A drive-by shooting Thursday that killed a top Yemeni security official who worked at the U.S. Embassy in San‘a has raised concern that al-Qaida militants here are bouncing back and getting bolder after suffering defeats this year in a U.S.-Yemeni military offensive.
Al-Qaida in Yemen has carried out a string of assassinations of top security and military officials and deadly suicide bombings in recent months. Security officials said they believe it has a hit list to kill more in an attempt to paralyze Yemen’s new leadership installed this year and throw the anti-al-Qaida assaults into turmoil.
The new killing also raises the possibility the group could turn its assassination campaign against American interests as well. The group has sought to ride the recent wave of anger against the U.S. over an anti-Islam film by calling for attacks on American and other foreign diplomatic missions.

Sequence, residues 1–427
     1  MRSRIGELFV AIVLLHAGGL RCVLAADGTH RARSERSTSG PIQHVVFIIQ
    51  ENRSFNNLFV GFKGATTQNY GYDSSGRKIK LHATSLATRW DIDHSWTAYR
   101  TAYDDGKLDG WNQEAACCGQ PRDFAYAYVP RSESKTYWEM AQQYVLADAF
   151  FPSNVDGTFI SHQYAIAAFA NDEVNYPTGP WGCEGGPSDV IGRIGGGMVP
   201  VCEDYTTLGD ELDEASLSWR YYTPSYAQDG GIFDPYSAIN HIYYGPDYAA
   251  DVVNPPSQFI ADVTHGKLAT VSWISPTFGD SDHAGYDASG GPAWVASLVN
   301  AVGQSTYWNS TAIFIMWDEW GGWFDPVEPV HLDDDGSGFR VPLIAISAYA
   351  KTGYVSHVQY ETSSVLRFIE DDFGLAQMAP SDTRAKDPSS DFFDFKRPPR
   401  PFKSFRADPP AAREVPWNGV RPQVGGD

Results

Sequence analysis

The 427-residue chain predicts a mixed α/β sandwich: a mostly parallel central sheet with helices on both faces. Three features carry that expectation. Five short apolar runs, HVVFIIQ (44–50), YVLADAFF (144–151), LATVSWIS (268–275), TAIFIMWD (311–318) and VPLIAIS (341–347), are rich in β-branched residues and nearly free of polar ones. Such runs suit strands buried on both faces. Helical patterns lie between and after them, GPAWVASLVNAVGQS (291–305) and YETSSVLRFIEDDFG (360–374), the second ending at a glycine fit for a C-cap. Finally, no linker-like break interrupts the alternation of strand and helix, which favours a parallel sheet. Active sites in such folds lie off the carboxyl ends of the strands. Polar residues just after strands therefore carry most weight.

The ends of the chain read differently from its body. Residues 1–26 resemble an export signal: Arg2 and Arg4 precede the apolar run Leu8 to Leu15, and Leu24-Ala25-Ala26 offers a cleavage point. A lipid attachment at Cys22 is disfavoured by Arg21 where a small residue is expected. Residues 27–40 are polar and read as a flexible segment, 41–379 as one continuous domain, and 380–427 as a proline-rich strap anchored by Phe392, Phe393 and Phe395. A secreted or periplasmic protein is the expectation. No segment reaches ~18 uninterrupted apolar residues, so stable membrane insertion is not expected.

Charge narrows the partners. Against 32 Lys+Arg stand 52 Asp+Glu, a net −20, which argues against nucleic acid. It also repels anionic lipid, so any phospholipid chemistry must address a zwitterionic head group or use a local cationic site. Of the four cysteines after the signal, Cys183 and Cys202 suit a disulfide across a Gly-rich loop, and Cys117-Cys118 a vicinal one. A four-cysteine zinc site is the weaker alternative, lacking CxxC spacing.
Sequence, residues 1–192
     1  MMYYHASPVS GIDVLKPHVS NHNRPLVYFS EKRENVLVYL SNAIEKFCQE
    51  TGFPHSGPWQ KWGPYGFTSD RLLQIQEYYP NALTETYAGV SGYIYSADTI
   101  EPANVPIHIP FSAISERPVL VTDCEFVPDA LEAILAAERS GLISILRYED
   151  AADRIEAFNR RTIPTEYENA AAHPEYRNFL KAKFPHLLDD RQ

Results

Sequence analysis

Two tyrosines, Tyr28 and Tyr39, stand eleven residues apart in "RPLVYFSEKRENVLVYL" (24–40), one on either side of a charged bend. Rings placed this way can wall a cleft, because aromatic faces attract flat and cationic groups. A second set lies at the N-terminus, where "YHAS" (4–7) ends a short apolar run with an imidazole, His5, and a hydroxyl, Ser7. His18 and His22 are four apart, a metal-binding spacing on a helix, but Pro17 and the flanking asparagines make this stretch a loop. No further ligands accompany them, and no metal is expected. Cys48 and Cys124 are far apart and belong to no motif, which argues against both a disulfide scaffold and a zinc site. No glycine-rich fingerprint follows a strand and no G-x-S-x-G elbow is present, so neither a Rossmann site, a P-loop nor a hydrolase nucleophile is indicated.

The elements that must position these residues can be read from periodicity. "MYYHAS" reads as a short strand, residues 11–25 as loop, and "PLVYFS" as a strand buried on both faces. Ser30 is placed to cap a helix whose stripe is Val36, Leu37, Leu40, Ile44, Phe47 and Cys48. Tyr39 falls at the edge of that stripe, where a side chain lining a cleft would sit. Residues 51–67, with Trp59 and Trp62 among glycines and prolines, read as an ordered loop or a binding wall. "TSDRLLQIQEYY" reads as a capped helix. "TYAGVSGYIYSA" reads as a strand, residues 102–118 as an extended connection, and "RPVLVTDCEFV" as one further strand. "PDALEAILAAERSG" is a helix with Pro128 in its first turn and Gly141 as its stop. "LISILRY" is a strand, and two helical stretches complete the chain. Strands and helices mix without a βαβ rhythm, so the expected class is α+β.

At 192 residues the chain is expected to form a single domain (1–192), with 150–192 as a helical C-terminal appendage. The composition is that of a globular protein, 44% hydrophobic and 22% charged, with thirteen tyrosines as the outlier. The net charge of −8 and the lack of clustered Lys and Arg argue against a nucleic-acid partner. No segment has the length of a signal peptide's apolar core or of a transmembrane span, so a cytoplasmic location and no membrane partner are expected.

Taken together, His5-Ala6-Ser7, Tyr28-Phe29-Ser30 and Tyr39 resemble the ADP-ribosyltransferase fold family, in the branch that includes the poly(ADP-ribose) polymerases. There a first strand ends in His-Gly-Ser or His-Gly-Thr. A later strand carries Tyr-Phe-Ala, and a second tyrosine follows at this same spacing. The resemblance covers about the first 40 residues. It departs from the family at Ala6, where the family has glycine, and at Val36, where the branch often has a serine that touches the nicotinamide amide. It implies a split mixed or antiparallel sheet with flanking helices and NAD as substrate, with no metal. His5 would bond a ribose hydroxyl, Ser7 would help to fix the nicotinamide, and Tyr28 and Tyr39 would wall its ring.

In Thursday’s attack, embassy security official Qassem Aqlani was on his way to work when a masked gunman on a motorcycle opened fire on him and fled the scene, officials said. The attack was near Aqlani’s home in western San‘a, while the embassy is located in the eastern part of the capital. Aqlani, who was in his 50s, had been working for the embassy for 11 years, the U.S. State Department said.
Yemeni security officials said the attack was similar to previous assassinations by al-Qaida, although they said it was too early to confirm the group’s involvement. The officials spoke on condition of anonymity because they were not authorized to talk to the press.
There are increased concerns over security at American embassies in the region after last month’s deadly attack by militants against a U.S. diplomatic mission in Benghazi that killed the U.S ambassador to Libya and three other Americans.